 (111)-(011)=(111)+(101)=(1100) removing the
leading carry = (100)


Why?

9-Apr-15
x-(011)=x-[111-100]=x-[1000-1-100]=x(100+1)-1000
Arithmetic
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Binary Arithmetic Operations:
Multiplication


Shift-and-add algorithm, as in base 10
M’cand
M’plier
0
0
0
0
0
0
1
0
1
1
0
1
1
0
(1)
(2)
(3)
Sum
0
0
0
1
0
0
1
0
0
1
1
0
0
1
0
1
0
0
1
1
0
1
0
1
0
0
0
0
Check: 13 * 6 = 78
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CODES


Representations of info (set) obtained by
associating one or more codewords (a binary
pattern/string) with each element in the set
n-bit binary code: a group of n bits that can
n
encode up to 2 distinct elements
e.g. A set of 4 distinct numbers can be
represented by 2-bit codes s.t. each number
in the set is assigned exactly one of the
combinations/codes in {00,01,10,11}
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CODES (cont.)



To encode m distinct elements with an
n
n-bit code: 2
>= m
Note: The codeword associated with
each number is obtained by coding the
number, not converting the number to
binary.
We will see: BCD, ASCII, Unicode
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Binary-Coded Decimal (BCD)


A decimal code:
Decimal numbers (0..9)
are coded using 4-bit
distinct binary words
Observe that the
codes 1010 .. 1111
(decimal 10..15) are
NOT represented
(invalid BCD codes)
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Binary-Coded Decimal (cont.)



To code a number with n decimal digits, we
need 4n bits in BCD
e.g. (365)10 = (0011 0110 0101)BCD
This is different to converting to binary,
which is (365)10 = (101101101)2
Clearly, BCD requires more bits. BUT, it is
easier to understand/interpret
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BCD Addition

When 2 BCD codes are added:
If the binary sum is less than 1010 (9 in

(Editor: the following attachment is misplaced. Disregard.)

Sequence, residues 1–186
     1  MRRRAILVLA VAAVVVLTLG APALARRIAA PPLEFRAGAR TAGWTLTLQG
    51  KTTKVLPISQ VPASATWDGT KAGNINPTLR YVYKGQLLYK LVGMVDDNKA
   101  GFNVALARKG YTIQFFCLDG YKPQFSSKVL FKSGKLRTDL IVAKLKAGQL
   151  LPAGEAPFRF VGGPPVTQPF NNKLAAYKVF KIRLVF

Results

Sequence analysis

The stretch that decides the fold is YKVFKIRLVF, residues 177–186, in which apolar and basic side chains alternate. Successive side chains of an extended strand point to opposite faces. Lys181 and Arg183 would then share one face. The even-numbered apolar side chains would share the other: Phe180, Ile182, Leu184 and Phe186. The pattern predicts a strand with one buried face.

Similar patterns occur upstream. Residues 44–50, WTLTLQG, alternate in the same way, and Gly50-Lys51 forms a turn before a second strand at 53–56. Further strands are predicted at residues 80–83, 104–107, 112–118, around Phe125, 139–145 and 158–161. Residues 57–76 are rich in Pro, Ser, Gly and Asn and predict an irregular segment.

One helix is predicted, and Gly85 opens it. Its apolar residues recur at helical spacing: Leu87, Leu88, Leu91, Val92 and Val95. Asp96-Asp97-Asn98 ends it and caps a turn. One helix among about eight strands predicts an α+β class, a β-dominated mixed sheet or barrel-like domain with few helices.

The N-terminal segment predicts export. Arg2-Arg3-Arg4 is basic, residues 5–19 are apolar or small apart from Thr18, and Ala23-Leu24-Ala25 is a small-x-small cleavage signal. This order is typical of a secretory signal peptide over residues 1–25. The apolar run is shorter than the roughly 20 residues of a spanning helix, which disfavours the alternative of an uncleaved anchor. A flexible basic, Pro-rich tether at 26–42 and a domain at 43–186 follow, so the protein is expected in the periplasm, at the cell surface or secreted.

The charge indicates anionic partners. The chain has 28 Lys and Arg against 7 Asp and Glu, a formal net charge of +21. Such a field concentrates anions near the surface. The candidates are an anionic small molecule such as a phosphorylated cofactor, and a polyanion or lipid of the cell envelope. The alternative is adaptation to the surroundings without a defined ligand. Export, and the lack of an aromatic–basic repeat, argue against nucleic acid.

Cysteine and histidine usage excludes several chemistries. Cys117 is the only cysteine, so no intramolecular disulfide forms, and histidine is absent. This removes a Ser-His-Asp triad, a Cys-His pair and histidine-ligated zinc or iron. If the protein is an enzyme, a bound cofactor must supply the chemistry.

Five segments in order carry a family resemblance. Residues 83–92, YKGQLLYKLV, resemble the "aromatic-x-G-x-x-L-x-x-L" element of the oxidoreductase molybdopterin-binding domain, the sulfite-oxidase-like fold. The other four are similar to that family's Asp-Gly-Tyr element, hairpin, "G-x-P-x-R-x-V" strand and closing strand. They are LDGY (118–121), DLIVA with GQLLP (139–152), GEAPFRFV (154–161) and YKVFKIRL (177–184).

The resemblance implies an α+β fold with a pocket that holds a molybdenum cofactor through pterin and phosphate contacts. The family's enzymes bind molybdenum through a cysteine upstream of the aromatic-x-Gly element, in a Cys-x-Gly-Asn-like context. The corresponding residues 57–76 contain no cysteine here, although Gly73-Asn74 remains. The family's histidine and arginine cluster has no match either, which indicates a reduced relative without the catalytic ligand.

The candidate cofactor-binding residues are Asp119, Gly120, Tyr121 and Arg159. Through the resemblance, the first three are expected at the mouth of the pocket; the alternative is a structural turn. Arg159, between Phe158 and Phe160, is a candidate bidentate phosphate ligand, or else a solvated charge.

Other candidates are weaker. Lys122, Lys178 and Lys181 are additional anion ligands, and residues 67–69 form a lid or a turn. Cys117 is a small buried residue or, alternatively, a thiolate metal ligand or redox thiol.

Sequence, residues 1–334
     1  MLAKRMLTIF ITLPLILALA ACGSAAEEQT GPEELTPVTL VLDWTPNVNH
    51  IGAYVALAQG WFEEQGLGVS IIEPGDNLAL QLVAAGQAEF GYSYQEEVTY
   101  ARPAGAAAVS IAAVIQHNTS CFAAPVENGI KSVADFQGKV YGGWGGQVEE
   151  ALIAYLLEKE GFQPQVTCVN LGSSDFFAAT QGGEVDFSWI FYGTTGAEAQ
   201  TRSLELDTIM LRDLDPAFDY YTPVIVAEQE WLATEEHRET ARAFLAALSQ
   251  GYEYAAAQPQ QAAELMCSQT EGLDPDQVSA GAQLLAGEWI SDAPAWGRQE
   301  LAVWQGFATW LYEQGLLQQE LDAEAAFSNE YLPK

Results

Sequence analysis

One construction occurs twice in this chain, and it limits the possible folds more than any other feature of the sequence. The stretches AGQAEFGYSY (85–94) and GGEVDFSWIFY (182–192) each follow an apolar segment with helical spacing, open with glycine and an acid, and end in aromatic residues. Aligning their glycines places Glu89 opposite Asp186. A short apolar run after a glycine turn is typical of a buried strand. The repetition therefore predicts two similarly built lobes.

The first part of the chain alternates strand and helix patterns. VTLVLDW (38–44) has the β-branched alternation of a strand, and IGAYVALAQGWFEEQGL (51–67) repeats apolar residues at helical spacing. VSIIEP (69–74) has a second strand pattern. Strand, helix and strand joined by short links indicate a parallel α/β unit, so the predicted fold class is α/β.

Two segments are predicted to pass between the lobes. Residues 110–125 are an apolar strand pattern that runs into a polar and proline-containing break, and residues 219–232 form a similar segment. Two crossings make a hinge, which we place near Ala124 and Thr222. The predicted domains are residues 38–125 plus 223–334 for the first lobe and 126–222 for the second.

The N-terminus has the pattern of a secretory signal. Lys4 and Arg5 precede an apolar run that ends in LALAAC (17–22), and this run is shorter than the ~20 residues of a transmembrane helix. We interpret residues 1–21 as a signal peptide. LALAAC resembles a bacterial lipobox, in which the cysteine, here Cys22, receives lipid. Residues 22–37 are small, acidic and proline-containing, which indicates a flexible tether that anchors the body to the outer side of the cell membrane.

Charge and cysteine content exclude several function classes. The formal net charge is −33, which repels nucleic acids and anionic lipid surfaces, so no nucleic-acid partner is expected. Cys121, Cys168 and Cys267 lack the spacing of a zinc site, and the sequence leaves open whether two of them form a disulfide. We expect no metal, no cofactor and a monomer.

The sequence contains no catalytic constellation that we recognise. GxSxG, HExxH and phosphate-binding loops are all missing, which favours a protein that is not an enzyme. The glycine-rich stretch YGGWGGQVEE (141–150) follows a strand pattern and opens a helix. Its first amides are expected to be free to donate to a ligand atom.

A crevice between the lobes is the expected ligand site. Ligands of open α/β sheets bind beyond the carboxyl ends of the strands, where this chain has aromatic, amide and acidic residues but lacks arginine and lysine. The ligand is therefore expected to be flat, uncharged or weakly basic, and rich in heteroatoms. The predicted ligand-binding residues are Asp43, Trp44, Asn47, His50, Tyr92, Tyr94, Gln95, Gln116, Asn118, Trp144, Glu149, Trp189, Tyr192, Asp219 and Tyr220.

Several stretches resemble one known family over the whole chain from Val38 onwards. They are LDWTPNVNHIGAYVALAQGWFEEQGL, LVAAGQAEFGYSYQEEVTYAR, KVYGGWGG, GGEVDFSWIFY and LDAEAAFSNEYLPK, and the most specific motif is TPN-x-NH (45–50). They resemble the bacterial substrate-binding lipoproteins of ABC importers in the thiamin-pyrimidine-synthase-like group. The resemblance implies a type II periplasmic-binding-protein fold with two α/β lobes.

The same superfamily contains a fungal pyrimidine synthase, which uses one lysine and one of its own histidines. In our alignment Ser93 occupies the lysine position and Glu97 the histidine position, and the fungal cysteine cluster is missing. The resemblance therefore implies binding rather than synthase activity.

decimal), the corresponding BCD sum digit
is correct
 If the binary sum is equal or more than
1010, must add 0110 (6 in decimal) to the
corresponding BCD sum digit in order to
produce the correct carry into the digit to
the left

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BCD Addition (cont.)

Example: Add 448 and 489 in BCD.
0100 0100 1000 (448 in BCD)
0100 1000 1001 (489 in BCD)
10001 (greater than 9, add 6)
1 0111 (carry 1 into middle digit)
1101
(greater than 9, add 6)
1001 1 0011
(carry 1 into leftmost digit)
1001 0011 0111 (BCD coding of 93710)
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ASCII character code



We also need to represent letters and other
symbols  alphanumeric codes
ASCII = American Standard Code for
Information Interchange. Also know as
Western European
It contains 128 characters:



94 printable ( 26 upper case and 26 lower case
letters, 10 digits, 32 special symbols)
34 non-printable (for control functions)
Uses 7-bit binary codes to represent each of
the 128 characters
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ASCII Table
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Unicode




Established standard (16-bit
alphanumeric code) for international
character sets
Since is 16-bit, it has 65,536 codes
Represented by 4 Hex digits
ASCII is between 000016 .. 007B16
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Unicode Table (first 191 char.)
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ASCII Parity Bit



Parity coding is used to detect errors in
data communication and processing
An 8th bit is added to the 7-bit ASCII
code
Even (Odd) parity: set the parity bit so
as to make the # of 1’s in the 8-bit code
even (odd)
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ASCII Parity Bit (cont.)

For example:
Make the 7-bit code 1011011 an 8-bit even
parity code  11011011
 Make the 7-bit code 1011011 an 8-bit odd
parity code  01011011


Both even and odd parity codes can
detect an odd number of error. An even
number of errors goes undetected.
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Summary


Conversion between different number
system
Binary Arithmetic
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Arithmetic